All participants were all started at an initial daily dose of 60 mg of cabozantinib, which was subsequently reduced down to between 40 to 20 mg due to toxicity in 13 patients based on tolerance.
The majority of these patients with measurable disease experienced some level of disease response. Six patients reported a partial response, defined as over a 30% reduction, while three patients achieved moderate response, marked by a 15%-30% reduction. Five of the patients with predominant bone metastases reported disease stabilization, according to results of an FDG-PET scan. One patient experienced disease progression while on treatment.
Overall, cabozantinib was generally well-tolerated without any grade 4 or 5 treatment-related adverse events reported. Some of the most common adverse events reported included grade mild dysgeusia, hand and foot syndrome, mucositis, fatigue, weight loss, and hypertension, according to the authors.
Primary Source – American Association of Clinical Endocrinologists meeting – AACE 2018; Abstract 142. attended my Medscape writers
What about Neuroendocrine Carcinoma?
High-grade NENs are typically treated with platinum doublet chemotherapy; however, recurrences are inevitable and survival outcomes for patients with metastatic disease are dismal, underscoring the need for effective salvage treatment options. An ongoing hypothesis-generating phase 2 study (NCT04412629) is evaluating the efficacy and safety of the multitarget tyrosine kinase inhibitor cabozantinib in patients with high-grade NENs; the study design of this trial was presented at the 2020 North American Neuroendocrine Tumor Society Annual Symposium. This trial is based in Washington University School of Medicine Missouiri.
The eligibility criteria of the trial include patients with histologically confirmed high-grade, poorly differentiated NENs, excluding small-cell lung cancer, whose disease has progressed on first-line therapy; Eastern Cooperative Oncology Group performance status of 0 to 1; and Ki67 of ≥20% or mitotic count of >20 mitoses/high power field. Patients with transformed NENs, NENs of unknown origin, and mixed NENs were also eligible if a high-grade component is established. Eligible patients will receive oral cabozantinib at 60 mg daily on days 1 to 21 of a 21-day cycle.
The primary study end point is overall response rate; the secondary end points are safety, overall survival, and progression-free survival. Correlative studies for genetic and proteomic analysis will be performed using biopsy tissue acquired prior to cycle 2, as well as circulating tumor DNA from peripheral blood samples on day 1 of each cycle and on day 15 of cycle 1. Genetic analysis includes assessment of standard tumor markers, such as chromogranin, serotonin, urine 5-hydroxyindoleacetic acid, and specific hormones, dependent on the patient and investigator discretion. Whole-exome sequencing with copy number variant estimates of the initial biopsy (or optional start of treatment biopsy) will be performed.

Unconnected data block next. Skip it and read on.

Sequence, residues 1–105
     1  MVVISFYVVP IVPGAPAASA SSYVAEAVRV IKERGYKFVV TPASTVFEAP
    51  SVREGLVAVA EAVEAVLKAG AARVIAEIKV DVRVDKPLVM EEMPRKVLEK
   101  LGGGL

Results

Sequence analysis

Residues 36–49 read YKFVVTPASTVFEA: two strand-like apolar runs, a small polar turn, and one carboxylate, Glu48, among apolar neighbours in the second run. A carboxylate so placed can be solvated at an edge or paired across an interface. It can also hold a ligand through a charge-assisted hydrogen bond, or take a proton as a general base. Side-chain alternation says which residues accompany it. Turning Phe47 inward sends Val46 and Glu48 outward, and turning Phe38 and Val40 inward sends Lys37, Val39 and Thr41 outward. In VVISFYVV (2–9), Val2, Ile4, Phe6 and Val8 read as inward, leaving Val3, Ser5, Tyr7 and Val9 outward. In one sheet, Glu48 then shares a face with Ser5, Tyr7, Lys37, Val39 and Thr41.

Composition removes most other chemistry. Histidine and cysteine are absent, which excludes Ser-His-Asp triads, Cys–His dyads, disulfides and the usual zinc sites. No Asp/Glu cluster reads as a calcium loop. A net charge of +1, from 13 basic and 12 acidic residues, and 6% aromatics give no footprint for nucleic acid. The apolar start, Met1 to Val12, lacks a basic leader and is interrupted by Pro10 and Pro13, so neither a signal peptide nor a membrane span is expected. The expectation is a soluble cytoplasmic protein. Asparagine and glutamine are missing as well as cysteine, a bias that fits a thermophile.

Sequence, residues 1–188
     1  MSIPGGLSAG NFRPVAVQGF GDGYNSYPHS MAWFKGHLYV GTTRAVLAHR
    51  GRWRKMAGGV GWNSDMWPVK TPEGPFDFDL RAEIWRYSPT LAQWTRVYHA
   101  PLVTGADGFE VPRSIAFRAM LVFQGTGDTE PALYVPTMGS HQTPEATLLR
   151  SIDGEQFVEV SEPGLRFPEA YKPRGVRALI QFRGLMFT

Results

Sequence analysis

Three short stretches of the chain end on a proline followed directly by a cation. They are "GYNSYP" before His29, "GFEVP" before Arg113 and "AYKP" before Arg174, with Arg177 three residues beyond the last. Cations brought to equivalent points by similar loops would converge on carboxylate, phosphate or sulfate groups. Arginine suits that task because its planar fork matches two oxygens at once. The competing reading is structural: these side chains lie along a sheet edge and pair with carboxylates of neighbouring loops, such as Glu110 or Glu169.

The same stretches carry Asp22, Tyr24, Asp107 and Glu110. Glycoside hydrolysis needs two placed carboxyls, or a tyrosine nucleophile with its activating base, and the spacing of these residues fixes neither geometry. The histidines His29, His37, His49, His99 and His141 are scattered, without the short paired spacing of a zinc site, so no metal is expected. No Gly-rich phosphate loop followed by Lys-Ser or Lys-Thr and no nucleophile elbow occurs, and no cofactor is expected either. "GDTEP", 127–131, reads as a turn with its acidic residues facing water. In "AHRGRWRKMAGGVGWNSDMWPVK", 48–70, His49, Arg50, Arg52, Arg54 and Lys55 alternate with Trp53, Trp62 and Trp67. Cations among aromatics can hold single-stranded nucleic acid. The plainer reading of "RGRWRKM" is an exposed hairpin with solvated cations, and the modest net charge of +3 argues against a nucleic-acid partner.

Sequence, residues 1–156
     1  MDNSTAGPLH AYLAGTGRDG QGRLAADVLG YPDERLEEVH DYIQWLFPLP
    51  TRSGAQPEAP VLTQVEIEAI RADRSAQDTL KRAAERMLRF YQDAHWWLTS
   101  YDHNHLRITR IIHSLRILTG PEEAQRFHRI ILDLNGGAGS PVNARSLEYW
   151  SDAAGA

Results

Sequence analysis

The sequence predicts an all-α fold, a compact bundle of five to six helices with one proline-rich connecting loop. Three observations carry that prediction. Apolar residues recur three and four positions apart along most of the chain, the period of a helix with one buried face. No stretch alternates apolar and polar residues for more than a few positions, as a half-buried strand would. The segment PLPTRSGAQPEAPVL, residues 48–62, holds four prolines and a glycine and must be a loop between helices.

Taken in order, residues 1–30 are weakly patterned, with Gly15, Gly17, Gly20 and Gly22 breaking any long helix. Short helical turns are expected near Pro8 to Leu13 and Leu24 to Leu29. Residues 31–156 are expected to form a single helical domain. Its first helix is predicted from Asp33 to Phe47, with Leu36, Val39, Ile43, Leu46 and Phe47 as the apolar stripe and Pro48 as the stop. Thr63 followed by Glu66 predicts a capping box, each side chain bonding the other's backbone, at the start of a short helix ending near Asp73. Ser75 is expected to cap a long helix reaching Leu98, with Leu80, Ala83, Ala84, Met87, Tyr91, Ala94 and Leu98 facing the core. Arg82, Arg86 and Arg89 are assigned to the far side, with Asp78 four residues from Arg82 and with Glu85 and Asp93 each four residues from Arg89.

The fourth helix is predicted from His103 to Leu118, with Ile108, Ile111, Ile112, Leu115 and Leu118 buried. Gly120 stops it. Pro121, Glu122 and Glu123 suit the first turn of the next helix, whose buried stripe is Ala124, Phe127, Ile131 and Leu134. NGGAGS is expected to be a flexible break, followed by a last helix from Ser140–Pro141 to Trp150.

See clinical trial document by clicking here
There is also another interesting trial involving Cabozantinib as a combo with Atezolizumab (Tecentriq). Atezolizumab is an immunotherapy or more specifically a monoclonal antibody and a type of immune checkpoint inhibitor. This trial is based in Spain.
The trial entitled: Exploratory Basket Trial of Cabozantinib Plus Atezolizumab in Advanced and Progressive Neoplasms of the Endocrine System. CABATEN Study includes:
1. Well-differentiated neuroendocrine tumours of the lung and thymus (WHO grade 1 and 2, typical and atypical Lung NETs) after progression to somatostatin analogs, targeted agents, PRRT, and/or chemotherapy.
2. Pheochromocytoma and paraganglioma after progression to peptide receptor radionuclide therapy (PRRT) if indicated. Prior chemotherapy and biological therapy, such as somatostatin analogs, are allowed.
3. Well-differentiated neuroendocrine tumours of digestive system (WHO grade 1 and 2) after progression to somatostatin analogs, targeted agents, PRRT, and/or chemotherapy.
4. Grade 3 neuroendocrine neoplasm (WHO grade 3, including neuroendocrine (NET) and neuroendocrine carcinomas (NEC) G3) of any origin, excluding small cell lung cancer, after progression to chemotherapy or targeted agents/PRRT.
The clinical trial document can be found by clicking below:
Misc Clinical Trials involving Cabozantinib for Neuroendocrine Neoplasms
Other trials listed in Clinical Trials dot Gov with Cabozantinib for various types of Neuroendocrine Neoplasm include (and apologies for the out-of-date term ‘carcinoid’):
Click here but please note the Clinical Trials database is notoriously out of date (behind in changing things) and the filtering (tailored search) is notoriously inefficient”
I generated this blog article to add value rather than just post the outputs for your own perusal. I hope you find it useful.
General Clinical Trials Disclaimer
Choosing to participate in a study is an important personal decision. Talk with your doctor and family members or friends about deciding to join a study. To learn more about this study, you or your doctor may contact the study research staff using the contacts provided in the clinical trials document. It’s very important to check the trial inclusion and exclusion criteria before making any contact. If you need questions, the articles here is very useful Questions to Ask About Clinical Trials | Cancer.Net
The inclusion of any trial within this blog should not be taken as a recommendation by Ronny Allan.